There are many factors that affect the color of teeth and cosmetic dentistry. When we select the shade of a crown, for example, the “color” is determined by hue, chroma, and value. However, what we cannot control is a physical property of light passing through a prism. This is called metamerism.
The shades of teeth are usually grouped under different hues, or broad categories. For instance, in cosmetic dentistry – teeth tend to fall in the yellow, brown, grey, or red categories. True “white” has no hue and is not a realistic color. Hues tend to be based predominantly on the dentin color, the inside of the tooth. Hue selection is very difficult, however, when large restorations are present on the tooth which may stain the tooth dark grey or brown. When a crown is being made, the hue is usually selected to match the adjacent tooth.
Chroma is the actual amount of pigmentation that is in the tooth. Most frequently, a tooth has a higher chroma value closer to the gumline where the translucent layer of the tooth, the enamel, is the thinnest. Many teeth do not have predictable chroma patterns. Therefore, the skill level of the dentist is tested because he or she must accurately describe the chroma of the tooth to a lab technician in writing, with photographs, etc., to get an esthetic restoration.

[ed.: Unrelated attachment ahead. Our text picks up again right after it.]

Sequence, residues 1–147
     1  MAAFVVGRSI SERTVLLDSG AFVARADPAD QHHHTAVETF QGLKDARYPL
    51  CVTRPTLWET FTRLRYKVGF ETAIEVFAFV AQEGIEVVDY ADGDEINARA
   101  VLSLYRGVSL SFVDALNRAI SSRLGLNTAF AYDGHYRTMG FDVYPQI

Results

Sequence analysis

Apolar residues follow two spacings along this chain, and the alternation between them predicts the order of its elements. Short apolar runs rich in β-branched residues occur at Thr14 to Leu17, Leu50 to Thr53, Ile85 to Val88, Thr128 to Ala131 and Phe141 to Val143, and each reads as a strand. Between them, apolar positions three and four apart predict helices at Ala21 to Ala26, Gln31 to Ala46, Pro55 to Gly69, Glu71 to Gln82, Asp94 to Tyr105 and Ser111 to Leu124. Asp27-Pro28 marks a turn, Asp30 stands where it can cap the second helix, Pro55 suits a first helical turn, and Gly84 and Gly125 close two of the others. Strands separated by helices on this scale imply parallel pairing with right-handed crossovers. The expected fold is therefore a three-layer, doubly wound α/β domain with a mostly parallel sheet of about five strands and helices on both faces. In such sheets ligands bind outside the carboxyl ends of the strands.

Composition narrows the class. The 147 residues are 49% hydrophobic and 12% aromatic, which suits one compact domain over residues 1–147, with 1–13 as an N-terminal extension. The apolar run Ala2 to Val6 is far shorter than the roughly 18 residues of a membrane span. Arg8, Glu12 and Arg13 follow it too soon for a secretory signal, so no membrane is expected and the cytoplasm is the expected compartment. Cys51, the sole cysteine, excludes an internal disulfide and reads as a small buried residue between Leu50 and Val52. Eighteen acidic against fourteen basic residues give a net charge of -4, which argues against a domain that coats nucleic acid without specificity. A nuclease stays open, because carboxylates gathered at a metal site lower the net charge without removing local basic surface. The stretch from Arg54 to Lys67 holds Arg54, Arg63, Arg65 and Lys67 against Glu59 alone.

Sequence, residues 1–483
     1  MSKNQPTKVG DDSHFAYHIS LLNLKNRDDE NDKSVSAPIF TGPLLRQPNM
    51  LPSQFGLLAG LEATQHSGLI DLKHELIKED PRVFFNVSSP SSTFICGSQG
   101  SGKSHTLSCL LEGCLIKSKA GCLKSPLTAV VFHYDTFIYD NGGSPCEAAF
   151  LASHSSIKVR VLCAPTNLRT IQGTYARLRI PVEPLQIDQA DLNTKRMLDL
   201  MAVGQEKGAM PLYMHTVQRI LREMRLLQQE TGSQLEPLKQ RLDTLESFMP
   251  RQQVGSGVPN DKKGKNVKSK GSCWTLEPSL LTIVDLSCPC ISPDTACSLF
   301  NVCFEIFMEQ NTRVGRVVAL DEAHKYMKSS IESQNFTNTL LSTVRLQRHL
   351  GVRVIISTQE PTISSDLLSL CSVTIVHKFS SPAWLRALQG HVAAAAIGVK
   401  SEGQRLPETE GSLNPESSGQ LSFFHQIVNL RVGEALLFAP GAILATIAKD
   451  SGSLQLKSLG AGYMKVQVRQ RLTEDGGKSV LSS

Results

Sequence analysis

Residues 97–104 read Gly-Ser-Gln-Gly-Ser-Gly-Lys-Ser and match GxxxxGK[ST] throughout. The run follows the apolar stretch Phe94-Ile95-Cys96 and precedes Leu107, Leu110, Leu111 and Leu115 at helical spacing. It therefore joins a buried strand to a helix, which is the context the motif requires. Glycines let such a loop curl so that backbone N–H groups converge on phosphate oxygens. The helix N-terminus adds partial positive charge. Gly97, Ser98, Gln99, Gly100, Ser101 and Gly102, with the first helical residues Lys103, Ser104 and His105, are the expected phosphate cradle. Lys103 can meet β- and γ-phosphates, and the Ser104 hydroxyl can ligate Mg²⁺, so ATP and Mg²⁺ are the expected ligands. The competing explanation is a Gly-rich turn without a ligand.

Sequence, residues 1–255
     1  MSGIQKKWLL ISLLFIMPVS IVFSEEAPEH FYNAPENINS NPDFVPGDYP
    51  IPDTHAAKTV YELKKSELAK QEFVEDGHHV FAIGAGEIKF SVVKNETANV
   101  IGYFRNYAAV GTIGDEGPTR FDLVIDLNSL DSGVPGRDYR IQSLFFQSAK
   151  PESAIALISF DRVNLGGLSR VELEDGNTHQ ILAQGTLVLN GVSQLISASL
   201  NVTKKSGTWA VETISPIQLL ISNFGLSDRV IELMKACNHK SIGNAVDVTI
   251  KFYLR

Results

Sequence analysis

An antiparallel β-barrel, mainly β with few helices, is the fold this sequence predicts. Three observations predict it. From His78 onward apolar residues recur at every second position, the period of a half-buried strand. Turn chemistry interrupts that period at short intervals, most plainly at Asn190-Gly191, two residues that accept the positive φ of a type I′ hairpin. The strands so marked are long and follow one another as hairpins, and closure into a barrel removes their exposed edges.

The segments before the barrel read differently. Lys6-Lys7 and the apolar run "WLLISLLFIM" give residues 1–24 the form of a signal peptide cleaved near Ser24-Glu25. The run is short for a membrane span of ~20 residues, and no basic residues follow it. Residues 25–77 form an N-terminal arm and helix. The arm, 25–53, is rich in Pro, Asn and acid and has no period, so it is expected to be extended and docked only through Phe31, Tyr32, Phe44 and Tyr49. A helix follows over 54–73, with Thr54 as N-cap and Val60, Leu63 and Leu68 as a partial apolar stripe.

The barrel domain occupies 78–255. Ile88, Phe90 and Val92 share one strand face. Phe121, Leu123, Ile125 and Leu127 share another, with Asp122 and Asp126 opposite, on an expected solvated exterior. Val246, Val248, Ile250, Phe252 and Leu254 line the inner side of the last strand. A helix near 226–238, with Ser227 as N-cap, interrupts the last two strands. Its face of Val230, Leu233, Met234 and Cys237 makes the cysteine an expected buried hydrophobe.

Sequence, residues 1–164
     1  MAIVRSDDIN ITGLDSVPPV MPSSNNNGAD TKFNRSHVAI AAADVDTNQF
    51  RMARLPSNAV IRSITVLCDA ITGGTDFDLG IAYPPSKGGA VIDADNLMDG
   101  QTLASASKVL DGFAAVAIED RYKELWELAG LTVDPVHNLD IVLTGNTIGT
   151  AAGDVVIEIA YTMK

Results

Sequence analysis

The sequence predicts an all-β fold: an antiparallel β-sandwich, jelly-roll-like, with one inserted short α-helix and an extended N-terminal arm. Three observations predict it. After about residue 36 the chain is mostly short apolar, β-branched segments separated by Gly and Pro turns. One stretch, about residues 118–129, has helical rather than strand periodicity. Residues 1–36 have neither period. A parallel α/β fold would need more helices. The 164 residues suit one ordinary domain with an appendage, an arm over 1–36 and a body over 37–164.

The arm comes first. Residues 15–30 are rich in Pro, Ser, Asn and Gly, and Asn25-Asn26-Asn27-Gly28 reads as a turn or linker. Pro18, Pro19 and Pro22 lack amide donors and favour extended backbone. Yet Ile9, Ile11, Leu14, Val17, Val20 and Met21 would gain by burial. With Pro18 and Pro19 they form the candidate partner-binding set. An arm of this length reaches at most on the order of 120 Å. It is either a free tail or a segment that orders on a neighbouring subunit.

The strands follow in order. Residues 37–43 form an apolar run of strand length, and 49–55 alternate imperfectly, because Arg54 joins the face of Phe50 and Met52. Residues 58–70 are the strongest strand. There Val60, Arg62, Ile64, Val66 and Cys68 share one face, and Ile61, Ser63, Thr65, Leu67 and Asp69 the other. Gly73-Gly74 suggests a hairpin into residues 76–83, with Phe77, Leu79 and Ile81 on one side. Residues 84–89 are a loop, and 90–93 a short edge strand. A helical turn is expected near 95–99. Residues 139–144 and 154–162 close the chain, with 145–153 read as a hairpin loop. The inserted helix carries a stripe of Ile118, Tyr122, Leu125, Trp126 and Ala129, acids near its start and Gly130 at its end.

Value is the lightness or darkness of a tooth. Metamerism changes the value of a tooth. For instance, a ceramic restoration will look whiter under fluorescent light and darker in daylight. The phenomenon of metamerism is the reason that dentists prefer not to restore just one front tooth at a time. Even the best porcelain restoration will look different in certain lighting situations than a natural tooth next to it. The effects of metamerism can be minimized if all of a person’s front teeth are made of the same material: enamel, resin, or porcelain.